France will vote against the European Commission’s proposal to renew the licence for glyphosate, a French environment ministry official has said.
The chemical, which is the active ingredient in Monsanto’s widely-used Roundup weedkiller, has been a major source of controversy in recent years due to concerns it may cause cancer.
This has prompted investigations by US congressional committees and its relicensing has been delayed in the EU.
“France will vote against the reauthorisation of glyphosate due to the doubts that remain about its dangerousness,” Reuters reported the French environment official as saying.
EU member states are set to vote on whether to extend the licence on 4 October and opposition from France could block the qualified majority needed for renewal.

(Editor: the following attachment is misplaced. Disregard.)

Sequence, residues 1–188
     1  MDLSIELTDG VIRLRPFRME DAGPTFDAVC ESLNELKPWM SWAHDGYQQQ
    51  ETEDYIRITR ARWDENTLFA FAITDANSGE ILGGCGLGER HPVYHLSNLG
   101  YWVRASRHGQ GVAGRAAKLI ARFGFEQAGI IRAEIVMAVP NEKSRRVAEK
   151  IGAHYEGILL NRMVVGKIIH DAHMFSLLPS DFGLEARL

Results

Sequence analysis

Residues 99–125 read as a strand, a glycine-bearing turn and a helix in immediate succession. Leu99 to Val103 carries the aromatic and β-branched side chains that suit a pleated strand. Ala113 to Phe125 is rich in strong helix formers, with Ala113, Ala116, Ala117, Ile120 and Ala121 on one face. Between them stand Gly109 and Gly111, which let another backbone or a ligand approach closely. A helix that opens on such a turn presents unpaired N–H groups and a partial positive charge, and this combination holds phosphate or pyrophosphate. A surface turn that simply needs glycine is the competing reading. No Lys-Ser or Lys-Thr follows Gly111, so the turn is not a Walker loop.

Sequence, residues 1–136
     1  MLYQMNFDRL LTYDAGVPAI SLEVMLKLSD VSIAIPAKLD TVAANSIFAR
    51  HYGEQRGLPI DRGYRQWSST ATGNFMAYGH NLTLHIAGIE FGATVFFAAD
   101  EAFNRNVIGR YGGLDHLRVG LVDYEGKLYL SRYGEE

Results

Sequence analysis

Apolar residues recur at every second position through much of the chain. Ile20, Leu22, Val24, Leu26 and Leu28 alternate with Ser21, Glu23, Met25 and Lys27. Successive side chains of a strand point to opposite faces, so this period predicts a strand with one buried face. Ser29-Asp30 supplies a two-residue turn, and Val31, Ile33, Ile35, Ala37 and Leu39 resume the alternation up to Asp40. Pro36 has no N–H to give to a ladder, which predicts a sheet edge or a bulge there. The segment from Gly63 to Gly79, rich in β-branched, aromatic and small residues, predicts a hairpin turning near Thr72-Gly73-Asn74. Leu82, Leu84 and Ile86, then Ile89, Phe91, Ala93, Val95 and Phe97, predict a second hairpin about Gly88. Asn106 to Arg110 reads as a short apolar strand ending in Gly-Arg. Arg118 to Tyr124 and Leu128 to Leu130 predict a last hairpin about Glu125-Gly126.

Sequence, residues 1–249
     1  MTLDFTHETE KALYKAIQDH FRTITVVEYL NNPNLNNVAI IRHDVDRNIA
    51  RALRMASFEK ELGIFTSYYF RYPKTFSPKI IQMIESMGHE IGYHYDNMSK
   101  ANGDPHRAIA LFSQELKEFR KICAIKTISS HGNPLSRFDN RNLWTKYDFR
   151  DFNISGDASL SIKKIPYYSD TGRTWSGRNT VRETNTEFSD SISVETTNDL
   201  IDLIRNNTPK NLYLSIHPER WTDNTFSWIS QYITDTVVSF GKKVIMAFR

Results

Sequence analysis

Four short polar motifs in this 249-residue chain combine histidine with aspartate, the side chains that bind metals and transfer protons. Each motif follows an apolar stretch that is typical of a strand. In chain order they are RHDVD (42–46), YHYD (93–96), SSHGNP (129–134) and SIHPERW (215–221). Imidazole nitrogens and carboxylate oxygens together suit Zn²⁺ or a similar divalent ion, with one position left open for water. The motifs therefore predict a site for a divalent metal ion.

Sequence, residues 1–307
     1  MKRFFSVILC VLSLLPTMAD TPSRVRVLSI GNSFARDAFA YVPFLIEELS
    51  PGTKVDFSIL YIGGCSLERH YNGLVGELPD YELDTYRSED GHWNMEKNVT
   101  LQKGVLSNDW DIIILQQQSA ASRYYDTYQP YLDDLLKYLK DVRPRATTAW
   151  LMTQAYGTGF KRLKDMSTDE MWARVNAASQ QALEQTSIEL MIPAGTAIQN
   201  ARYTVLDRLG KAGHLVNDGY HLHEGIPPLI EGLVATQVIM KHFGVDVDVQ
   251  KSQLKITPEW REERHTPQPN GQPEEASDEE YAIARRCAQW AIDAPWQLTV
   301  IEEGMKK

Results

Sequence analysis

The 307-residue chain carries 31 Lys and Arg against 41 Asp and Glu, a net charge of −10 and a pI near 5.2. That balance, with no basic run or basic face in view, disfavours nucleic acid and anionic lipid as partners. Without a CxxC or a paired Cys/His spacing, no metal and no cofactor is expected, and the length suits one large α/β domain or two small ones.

In May the European Commission proposed a ten-year extension to glyphosate’s licence after a study by the European Chemical Agency (ECHA) said the chemical should not be classified as a carcinogen.
In previous glyphosate licence votes France and Germany have abstained, Reuters reported, and in June 2016 the Commission extended the licence by 18 months to give the ECHA time to study the safety of the chemical in more detail.
Sarah Mukherjee, CEO of the Crop Protection Association, bemoaned the French official’s announcement, saying: “These reported comments are at odds with the robust body of scientific evidence and the opinion of expert regulators around the world, backed by 40 years of use, which clearly demonstrate that glyphosate is safe.
“The loss of this vital tool would not only impact on the ability of farmers to provide healthy, safe and affordable food, but also have unintended environmental consequences through limiting farmers’ ability to use no till methods.”
“Glyphosate is essential and without it UK agriculture as we know it would not exist.”
The economic impacts of a ban are likely to be significant, with a report by Fondation Concorde predicting a €930 million (£856m) cut to France’s GDP.
In the UK, meanwhile, a study by Oxford Economics, calculated a £930m reduction in GDP and a loss of £193m in annual tax revenue.